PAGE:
The following article is an opinion piece and represents the views of only the author and not those of AllOnGeorgia.
Why is it that elected officials so often morph into the autocrats they once sought to oust from office? How does a person become the embodiment of the driving force to call them to serve?
I’m rounding out my fourth year covering small town corruption. Four years is a very short window of time in the scheme of things, but the window has given me more than a glimpse of the entire first term of office of those who were elected in the first election cycle of my residency. (Municipal terms of office are four years)
To give you a bit of background, after writing one article on one town of 110 people, I was propelled into around the clock coverage of local governments in south Georgia, attending city and county meetings and filing requests for public records to learn as much as I could about the communities I was asked to cover. Most of the cities were ripe with dysfunction, meetings were disorderly, and dissent from a public primed to challenge incumbents ran rampant. Though each city faced different issues and scandals, the next was just a cookie cutter exhibit of the last.
By the time the elections rolled around, the sunlight shed on the scandals, the drain as a result of financial mismanagement, and the (usually) downright illegal behavior was enough for The People to displace at least a few of their long serving politicians. The activists briefly feel empowered while their choice – newly elected politician (“the newbie”) – feels high and elevated. With the public holding the newbie accountable and the newbie transmitting intel to the public, there’s a symbiotic relationship that seems to work…until it simply doesn’t anymore…because the rinse cycle of a politician has begun.
It always starts the same way.
The newbie is sworn into office with the momentum from a contested election win and the support of the public behind him. The public image of the newbie is glorified because the newbie campaigned on changes and reforms that the public has longed for as far back as memory goes. There is a new level of excitement because *this time* is going to be the time that it all shifts from the good ‘ol boy system to the new era of transparency, accountability, and legitimacy. Of course, the local newspaper supported “the other guy” during the election, so the politician to mouthpiece pipeline is no longer operational.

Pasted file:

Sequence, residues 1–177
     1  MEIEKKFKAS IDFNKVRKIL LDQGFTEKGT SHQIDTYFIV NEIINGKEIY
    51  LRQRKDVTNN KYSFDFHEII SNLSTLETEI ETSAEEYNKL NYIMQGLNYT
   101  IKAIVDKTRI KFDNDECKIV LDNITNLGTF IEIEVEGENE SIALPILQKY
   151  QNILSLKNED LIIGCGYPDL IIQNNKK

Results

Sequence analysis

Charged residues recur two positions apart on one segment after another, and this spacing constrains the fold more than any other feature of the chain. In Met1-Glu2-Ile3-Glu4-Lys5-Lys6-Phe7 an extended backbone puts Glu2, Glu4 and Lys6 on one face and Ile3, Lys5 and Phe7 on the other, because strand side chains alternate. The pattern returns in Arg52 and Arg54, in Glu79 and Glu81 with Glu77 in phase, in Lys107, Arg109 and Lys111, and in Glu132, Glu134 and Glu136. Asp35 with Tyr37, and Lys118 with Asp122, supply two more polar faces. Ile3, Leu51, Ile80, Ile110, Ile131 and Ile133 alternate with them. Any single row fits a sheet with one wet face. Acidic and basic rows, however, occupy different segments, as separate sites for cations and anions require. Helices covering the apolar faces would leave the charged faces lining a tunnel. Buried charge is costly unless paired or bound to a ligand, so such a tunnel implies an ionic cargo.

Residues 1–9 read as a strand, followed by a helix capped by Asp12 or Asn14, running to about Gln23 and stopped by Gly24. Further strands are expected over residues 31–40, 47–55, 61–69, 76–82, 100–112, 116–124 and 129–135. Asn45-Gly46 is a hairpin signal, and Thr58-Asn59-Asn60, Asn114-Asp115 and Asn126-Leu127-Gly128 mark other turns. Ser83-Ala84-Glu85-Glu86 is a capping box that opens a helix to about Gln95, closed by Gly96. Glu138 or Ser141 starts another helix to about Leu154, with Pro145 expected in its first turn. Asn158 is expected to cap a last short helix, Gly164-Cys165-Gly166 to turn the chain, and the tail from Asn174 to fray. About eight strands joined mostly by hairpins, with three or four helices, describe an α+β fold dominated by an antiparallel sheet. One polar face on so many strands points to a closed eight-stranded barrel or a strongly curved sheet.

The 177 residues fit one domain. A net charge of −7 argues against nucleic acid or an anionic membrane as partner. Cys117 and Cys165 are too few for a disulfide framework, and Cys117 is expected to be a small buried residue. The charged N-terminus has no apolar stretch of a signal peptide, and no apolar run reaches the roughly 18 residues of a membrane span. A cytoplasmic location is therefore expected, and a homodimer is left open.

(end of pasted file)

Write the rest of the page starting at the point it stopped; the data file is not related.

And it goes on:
The first few months are full of sunshine and butterflies. Everything appears more open, questions are welcomed, and there is a willingness to publicly profess the good, the bad, and the ugly because all of it is going to be fixed. It’s a new day!
But after a while, complacency sets in. It gets comfortable as a routine is established. The public doesn’t feel a need to attend the meetings because things are running smoothly, the members of council are a united front, and the local media and the newbie hug each other when they see each other and sit together at football games. The newbie – whether a council member, a mayor, county commissioner, or school board member – slowly begins to chip away at the mountainous public service-based agenda put into place after taking office. It’s okay that they’re usurping more power, though, because they are different than the last administration and that is what matters.
Much like in the months that follow the purchase of a new car, the crumbs that smudge out transparency are too much of a burden to sweep up on a daily basis. The windshield that was once crystal clear is now clouded by pollen, dust, and bug guts. The dirty vehicle blends in without drawing attention in a way the shiny new car that no one else has can’t. The wheels of the activists that once ushered the newbie from peasant to power have been replaced with all terrain tires that ensure the newbie steamrolls anything in his path.
The outspoken activists are now a thorn in the side, the alternative media is no longer valuable, and constructive criticism is an act of war. The newbie is the hammer that only sees nails.
That’s the rinse cycle of elected officials – the point at which the energy of the public engagement diminishes and the self-satisfying decisions begin to prevail.
We’ve come to expect this behavior out of our state and federal officials. Something about the money, the glory, the trips, and whatnot. But that isn’t the driving force – or even an option – in many of these smaller communities. The only thing to thrive on is power itself and when that power is abused by someone we sit next to in church, at the ball field, or the family reunion, it’s a different level of betrayal. It would be too uncomfortable to talk about it publicly or try to redirect someone in ‘power,’ so instead it all goes undiscussed and we move on to the spin cycle – the point at which it spins out of control and too quickly for the eye to master. It’s only three more years of the spin cycle and by then, the community just hopes someone new will come along with ideas to offer the community the change it has long desired.
The ease by which someone becomes entrenched in the system and cycle of power is alarming. Only in instances where a public servant has a disdain for the “benefits” of public service does one’s servants heart guide them for their entire tenure. Only when the public is present to hold the stewards of our tax dollars accountable does the steward stay in the lane towards progress. Only when the two partner together to combat the same cause will there be success. And without all three, the efforts to enlist a newbie are wasted.